Sandwiched: The Ham and Cheese Croissant at Oak

The Ham and Cheese Croissant Sandwich at Oak. (Finny Philip)

The Ham and Cheese Croissant Sandwich at Oak. (Finny Philip)

Website
Map

The fare and flair of Oak make it an unlikely candidate for a ham and cheese sandwich. Coffee-colored couches as smooth as chocolate mousse add a touch of homeliness to a dining space so dominated by impeccable design that it was intimidating to someone who spends most of his time in suburban strip mall circuit, but the food and service can appeal to uninitiated as well as regular diners. Servers exude class and consideration as they attend to the needs of their patrons, explaining the contents of every course. The combination of Oak’s décor, service that puts you at ease, and exquisite food made for a relaxing repast. The Ham and Cheese Croissant Sandwich is no exception.

Executive chef Jason Maddy’s ham and cheese croissant sandwich is prepared with French-style ham, emmental cheese, Dijon mustard, heirloom tomatoes and Bibb lettuce. The chefs don’t forget to brush a bit more butter onto the croissant, making the golden-brown crust radiant.

“I like the French style [ham] because here in America it’ll be canned ham. What they do—it’s a very similar style, but [the difference is] where it’s been processed and boiled. And then we just slice it super thin, and then sticking with that French style was to add the Dijon. And then I really like the emmental cheese, which is not so much French … it’s a style of Swiss, and it’s pretty pungent for a Swiss. So just putting all of those [ingredients] together and then the heirloom tomatoes and then the Bibb lettuce kind of finishes it.”

Croissants are works of art in their own right. Just looking at the bread yields some clues to its taste on the tongue. Cutting into it, the thin flakiness of the crust abruptly yields to the porous body of the bread. Each crescent is a vortex of dough that has undergone a lengthy process called lamination, which is the repeated folding and rolling of chilled butter into the dough. When the dough starts out as a flat sheet, a sheet of butter is placed on top and folded into it. The dough cools in the fridge for an hour before being folded and rolled again, this time perpendicular to the original fold. The process is repeated and then the dough is cut into triangle which bakers stretch and roll into crescents. After allowing the dough to rise, the inflated crescents are doused with egg wash and placed in the oven. Empire Baking Company in Uptown does the job for Oak, leaving the assembly to Chef Maddy.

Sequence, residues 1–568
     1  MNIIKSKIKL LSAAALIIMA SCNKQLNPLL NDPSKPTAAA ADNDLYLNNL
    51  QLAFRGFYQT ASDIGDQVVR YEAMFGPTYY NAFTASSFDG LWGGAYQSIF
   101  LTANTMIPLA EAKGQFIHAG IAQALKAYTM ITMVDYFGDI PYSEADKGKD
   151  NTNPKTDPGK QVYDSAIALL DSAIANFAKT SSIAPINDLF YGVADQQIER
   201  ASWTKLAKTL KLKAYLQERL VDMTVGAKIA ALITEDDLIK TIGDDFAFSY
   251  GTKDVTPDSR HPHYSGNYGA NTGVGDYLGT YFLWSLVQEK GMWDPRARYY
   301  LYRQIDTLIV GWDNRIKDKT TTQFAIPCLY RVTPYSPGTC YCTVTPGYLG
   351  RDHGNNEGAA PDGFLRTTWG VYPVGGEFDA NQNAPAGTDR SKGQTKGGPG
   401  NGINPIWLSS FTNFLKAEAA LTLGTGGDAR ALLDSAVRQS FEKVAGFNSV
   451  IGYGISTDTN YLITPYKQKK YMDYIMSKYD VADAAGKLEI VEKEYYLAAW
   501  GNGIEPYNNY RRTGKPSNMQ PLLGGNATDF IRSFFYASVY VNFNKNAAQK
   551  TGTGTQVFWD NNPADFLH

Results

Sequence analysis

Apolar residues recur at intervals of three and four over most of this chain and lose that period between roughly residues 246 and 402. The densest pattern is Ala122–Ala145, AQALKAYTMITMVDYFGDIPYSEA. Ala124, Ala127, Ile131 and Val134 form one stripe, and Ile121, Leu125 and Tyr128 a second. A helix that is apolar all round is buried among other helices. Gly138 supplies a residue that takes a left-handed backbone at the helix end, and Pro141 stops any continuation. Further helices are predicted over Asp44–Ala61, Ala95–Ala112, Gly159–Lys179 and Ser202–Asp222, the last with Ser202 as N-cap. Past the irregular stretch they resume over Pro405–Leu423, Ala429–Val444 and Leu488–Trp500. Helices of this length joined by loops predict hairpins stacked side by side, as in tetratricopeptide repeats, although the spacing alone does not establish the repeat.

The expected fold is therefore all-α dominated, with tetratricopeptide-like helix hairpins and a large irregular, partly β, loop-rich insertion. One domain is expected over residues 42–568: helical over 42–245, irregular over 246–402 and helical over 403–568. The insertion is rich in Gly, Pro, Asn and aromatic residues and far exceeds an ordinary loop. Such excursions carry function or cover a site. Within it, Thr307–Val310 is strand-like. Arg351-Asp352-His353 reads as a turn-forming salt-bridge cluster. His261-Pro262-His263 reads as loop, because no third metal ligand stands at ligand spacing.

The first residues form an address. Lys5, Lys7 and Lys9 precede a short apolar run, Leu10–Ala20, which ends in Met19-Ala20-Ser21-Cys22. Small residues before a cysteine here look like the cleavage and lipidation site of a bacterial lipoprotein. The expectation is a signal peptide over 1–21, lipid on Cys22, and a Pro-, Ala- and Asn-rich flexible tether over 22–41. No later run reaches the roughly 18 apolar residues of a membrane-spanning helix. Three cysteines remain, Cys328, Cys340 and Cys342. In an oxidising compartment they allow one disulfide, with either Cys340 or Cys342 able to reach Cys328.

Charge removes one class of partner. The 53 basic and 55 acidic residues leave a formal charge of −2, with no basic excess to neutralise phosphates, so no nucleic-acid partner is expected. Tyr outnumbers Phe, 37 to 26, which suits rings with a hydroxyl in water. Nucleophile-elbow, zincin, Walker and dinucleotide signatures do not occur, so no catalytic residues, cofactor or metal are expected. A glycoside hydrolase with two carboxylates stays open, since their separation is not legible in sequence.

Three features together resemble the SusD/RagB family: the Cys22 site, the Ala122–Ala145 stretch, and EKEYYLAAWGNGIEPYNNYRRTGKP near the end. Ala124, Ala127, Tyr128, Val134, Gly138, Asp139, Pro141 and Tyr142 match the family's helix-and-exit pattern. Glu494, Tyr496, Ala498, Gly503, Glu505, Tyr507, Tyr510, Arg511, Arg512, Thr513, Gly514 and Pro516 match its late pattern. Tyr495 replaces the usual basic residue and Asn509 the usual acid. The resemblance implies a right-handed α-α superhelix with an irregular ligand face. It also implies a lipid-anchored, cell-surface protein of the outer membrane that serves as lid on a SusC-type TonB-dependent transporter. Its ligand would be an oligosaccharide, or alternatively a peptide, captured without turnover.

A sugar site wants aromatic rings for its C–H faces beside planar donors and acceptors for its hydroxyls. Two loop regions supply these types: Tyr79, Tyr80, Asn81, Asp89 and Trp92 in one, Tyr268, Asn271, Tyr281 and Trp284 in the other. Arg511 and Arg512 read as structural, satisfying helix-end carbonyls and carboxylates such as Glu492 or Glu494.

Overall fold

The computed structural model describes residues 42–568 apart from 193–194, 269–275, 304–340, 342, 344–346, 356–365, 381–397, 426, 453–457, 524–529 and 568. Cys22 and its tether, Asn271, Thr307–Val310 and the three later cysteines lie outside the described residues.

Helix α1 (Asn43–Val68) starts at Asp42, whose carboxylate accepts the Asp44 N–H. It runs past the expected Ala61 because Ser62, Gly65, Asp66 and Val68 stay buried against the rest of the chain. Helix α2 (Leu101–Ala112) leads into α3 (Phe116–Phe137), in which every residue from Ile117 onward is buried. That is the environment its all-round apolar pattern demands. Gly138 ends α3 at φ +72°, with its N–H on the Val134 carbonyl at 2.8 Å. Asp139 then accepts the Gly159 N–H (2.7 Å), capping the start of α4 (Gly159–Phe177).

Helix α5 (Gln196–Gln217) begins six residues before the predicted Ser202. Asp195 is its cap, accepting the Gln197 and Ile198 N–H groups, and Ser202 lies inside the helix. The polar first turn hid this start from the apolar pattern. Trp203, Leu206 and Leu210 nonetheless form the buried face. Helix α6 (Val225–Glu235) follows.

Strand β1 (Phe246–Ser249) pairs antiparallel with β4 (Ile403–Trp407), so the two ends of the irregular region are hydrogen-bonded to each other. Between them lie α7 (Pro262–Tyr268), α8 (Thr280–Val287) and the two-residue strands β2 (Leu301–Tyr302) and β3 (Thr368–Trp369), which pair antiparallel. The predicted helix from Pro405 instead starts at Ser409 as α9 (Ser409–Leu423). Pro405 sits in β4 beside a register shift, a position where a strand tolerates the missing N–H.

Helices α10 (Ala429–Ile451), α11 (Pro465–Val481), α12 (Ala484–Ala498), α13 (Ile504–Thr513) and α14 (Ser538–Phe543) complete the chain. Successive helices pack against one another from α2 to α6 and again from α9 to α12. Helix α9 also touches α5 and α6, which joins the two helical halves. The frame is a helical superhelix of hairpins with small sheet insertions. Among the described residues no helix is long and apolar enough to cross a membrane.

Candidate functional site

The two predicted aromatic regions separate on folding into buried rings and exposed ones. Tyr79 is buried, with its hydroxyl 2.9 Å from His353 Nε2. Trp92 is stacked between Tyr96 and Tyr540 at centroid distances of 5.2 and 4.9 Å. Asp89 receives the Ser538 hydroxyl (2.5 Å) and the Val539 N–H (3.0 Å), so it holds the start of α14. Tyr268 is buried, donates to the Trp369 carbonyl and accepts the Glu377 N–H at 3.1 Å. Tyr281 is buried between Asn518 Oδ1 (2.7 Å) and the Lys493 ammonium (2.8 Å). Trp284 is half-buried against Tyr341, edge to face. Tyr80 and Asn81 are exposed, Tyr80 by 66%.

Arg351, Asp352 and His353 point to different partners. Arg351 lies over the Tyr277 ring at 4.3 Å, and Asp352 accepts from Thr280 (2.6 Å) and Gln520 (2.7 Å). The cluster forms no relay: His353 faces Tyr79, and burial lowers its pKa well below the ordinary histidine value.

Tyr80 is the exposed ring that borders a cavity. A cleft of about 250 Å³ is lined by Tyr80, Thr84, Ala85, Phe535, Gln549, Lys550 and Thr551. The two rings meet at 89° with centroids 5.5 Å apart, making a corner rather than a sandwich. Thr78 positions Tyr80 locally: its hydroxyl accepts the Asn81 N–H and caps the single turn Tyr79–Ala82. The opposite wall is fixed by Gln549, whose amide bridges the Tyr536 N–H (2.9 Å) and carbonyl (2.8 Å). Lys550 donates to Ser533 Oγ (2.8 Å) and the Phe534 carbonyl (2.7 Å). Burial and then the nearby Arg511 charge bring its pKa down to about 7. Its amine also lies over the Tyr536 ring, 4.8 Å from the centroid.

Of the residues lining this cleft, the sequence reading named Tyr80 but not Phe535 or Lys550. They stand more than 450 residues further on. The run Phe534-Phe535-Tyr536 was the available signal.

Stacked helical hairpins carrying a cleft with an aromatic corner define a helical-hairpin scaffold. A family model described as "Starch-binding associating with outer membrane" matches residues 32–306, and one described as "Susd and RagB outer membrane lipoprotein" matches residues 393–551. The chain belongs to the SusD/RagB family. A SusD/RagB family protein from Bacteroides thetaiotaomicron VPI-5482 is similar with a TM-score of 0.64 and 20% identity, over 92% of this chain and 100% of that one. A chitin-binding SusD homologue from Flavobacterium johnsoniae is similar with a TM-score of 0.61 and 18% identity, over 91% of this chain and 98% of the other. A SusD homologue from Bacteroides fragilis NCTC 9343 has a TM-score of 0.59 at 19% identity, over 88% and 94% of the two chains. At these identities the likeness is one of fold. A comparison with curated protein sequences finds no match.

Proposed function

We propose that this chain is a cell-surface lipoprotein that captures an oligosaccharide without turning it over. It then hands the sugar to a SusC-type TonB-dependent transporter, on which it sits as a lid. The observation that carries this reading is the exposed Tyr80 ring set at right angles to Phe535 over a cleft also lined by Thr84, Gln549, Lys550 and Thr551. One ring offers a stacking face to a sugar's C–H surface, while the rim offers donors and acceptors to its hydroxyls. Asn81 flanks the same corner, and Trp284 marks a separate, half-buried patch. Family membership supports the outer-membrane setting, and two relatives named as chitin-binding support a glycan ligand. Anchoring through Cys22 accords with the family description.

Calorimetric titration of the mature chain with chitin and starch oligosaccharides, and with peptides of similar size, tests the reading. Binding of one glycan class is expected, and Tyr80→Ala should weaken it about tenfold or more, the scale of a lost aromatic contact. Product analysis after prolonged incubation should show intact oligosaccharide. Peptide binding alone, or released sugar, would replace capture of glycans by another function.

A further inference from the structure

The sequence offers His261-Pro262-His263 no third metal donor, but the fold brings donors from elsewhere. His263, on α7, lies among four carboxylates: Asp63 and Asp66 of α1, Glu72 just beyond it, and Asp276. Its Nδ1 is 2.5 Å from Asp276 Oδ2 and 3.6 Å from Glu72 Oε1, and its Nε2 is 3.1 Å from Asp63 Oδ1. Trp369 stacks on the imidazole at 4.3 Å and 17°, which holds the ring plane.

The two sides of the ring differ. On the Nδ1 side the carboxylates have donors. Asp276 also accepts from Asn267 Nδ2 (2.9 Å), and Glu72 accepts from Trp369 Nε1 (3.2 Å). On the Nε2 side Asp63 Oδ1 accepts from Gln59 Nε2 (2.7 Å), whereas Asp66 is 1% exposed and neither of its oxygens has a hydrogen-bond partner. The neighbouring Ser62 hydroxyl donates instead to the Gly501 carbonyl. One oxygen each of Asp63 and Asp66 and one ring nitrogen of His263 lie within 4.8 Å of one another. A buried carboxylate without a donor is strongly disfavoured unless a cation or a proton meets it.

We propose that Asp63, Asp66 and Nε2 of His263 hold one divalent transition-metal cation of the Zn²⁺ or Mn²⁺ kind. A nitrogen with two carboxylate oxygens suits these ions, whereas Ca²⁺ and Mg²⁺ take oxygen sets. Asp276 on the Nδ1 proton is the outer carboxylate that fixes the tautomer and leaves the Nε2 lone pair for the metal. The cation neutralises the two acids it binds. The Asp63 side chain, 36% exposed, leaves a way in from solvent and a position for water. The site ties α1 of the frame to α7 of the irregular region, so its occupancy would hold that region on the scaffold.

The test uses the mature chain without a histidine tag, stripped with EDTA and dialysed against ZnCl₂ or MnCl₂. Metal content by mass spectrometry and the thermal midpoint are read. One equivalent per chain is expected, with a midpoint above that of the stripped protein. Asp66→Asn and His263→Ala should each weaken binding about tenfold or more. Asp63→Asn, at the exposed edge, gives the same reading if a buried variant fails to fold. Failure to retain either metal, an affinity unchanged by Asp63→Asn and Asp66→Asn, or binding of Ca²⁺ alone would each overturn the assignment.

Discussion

Ken Pirkle’s Raindrop Farms supplies hundreds of pounds of heirloom tomatoes to Oak. However, the hot Texas summer has taken its toll on the tomato season, affecting the varieties that may be found on the ham and cheese. My luck of the draw was a tomato with vibrant green streaks through it.

The sandwich was prefaced by a house potato soup—made with corn, Tasso ham, black-eyed peas and garnished with fried scallions—and followed by pastry chef Sarah Green’s peach galette served with smoked pecan praline ice cream and drizzled with raspberry puree. The Louisiana-style ham and the smoked pecan praline ice cream were Southern comfort disguised as food. Through its cuisine and style, Oak has gotten the heart of the Design District as well as the heart of comfort food.

 

About Finny Philip